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Lewis v. United States

United States District Court, D. Columbia.

March 18, 2015

JAMES M. LEWIS, Plaintiff,

James M. Lewis, Plaintiff, Pro se, Grandview, MO USA.

For United States of America, Defendant: Alexander Daniel Shoaibi, LEAD ATTORNEY, U.S. ATTORNEY'S OFFICE, Washington, DC USA.

Re Document Nos.: 4, 6


RUDOLPH CONTRERAS, United States District Judge.

Granting Defendant's Motion to Dismiss & Denying as Moot Plaintiff's Motion for Summary Judgment


Plaintiff James Lewis (" Mr. Lewis" ), proceeding pro se, brings suit against the United States of America (" Defendant" ) under the Federal Tort Claims Act, 28 U.S.C. § § 2671-80 (" FTCA" ). Mr. Lewis received a bad conduct discharge from the U.S. Marines in 1971, which was administratively changed to a general discharge in 1974. In the decades that followed, Mr. Lewis has repeatedly sought to upgrade his discharge to honorable, bringing a number of civil suits and filing multiple petitions for extraordinary relief with the Court of Appeals for the Armed Forces (" CAAF" ). At the heart of this latest action is Mr. Lewis's belief that under CAAF rules, he was entitled to designated counsel to aid him in seeking extraordinary relief from that court.

Mr. Lewis first claims that an employee of the Office of the Judge Advocate General of the Navy (" JAG" ) willfully misrepresented the law when he stated that Mr. Lewis was only eligible for appointed counsel as to the first appeal of his conviction. Second, Mr. Lewis claims that the employee's failure to designate counsel after Mr. Lewis filed a petition for extraordinary relief in August 2012 was contrary to CAAF rules and negligent. As a consequence of both the willful misrepresentation and negligent failure to appoint counsel, Mr. Lewis claims to have suffered emotional distress, and he seeks $750,000,000 in damages from the United States under the FTCA. Now before the Court are Defendant's motion to dismiss both claims pursuant to Federal Rules of Civil Procedure 12(b)(1) and 12(b)(6), and Mr. Lewis's motion for summary judgment. For the reasons set forth below, the Court will grant Defendant's motion to dismiss both claims for lack of subject-matter jurisdiction, and will deny Mr. Lewis's motion for summary judgment as moot.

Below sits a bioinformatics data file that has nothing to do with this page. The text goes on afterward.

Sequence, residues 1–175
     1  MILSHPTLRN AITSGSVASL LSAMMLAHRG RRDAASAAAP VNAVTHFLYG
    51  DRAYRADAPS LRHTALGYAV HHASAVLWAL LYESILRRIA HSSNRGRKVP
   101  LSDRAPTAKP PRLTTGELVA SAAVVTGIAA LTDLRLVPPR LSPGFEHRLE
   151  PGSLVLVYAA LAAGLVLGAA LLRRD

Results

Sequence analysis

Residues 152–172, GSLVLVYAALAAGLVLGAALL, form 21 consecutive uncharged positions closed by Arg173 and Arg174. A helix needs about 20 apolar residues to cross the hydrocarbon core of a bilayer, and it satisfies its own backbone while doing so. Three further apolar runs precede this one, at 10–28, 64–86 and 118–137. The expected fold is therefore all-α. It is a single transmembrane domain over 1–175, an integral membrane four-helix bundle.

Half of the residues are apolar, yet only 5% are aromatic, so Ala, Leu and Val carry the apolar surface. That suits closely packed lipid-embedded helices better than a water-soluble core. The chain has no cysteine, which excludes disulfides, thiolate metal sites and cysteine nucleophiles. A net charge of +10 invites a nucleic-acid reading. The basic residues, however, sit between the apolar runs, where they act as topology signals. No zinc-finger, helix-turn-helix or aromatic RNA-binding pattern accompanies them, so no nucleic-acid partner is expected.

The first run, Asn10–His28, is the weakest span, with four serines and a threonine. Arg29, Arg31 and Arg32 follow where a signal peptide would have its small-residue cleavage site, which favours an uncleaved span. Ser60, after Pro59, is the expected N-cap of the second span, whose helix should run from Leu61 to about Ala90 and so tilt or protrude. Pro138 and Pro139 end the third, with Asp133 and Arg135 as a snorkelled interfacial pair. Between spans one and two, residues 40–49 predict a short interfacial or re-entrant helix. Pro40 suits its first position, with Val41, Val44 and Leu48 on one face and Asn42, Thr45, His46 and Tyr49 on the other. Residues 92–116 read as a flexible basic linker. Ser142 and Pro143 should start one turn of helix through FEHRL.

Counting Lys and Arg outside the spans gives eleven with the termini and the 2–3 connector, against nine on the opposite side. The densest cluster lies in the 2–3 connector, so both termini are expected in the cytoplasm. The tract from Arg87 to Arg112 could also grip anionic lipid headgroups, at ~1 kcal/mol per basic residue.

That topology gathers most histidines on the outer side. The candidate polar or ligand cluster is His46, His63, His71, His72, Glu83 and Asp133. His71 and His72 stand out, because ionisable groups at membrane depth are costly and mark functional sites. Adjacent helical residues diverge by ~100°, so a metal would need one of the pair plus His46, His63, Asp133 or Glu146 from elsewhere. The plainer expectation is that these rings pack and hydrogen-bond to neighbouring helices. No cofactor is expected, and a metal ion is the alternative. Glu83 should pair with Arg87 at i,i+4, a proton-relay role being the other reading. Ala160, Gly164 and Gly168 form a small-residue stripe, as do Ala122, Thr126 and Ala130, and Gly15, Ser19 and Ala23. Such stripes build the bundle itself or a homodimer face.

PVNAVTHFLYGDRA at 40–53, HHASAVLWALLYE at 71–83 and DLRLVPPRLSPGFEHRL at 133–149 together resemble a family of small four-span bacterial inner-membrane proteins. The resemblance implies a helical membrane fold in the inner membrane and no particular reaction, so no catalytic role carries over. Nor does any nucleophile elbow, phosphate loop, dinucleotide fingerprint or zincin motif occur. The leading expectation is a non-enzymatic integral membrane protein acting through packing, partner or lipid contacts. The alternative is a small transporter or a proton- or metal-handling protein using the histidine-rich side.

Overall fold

Mr. Lewis enlisted in the United States Marine Corps (" USMC" ) in 1968.[1] See Lewis v. Sec'y of the Navy, 892 F.Supp.2d 1, 2 (D.D.C. 2012). On May 22, 1970, Mr. Lewis was convicted at a general court-martial for assault with a deadly weapon, disrespect, striking a non-commissioned officer, and making threats. Id. He received a bad conduct discharge effective August 27, 1971. Id. In September 1972, Mr. Lewis's court-martial conviction was reversed due to a jurisdictional defect for failing " to specify the name of the judge who was requested to try the case." Id. at 3 (quoting Lewis v. United States, 45 C.M.R. 937, 937 (C.M.A. 1972). In 1974, the USMC reinstated Mr. Lewis to the rank of Private First Class, and his bad conduct discharge was retroactively changed to a general discharge under honorable conditions " for convenience of the government." See Lewis v. United States, 99 Fed.Cl. 772, 774 (2011).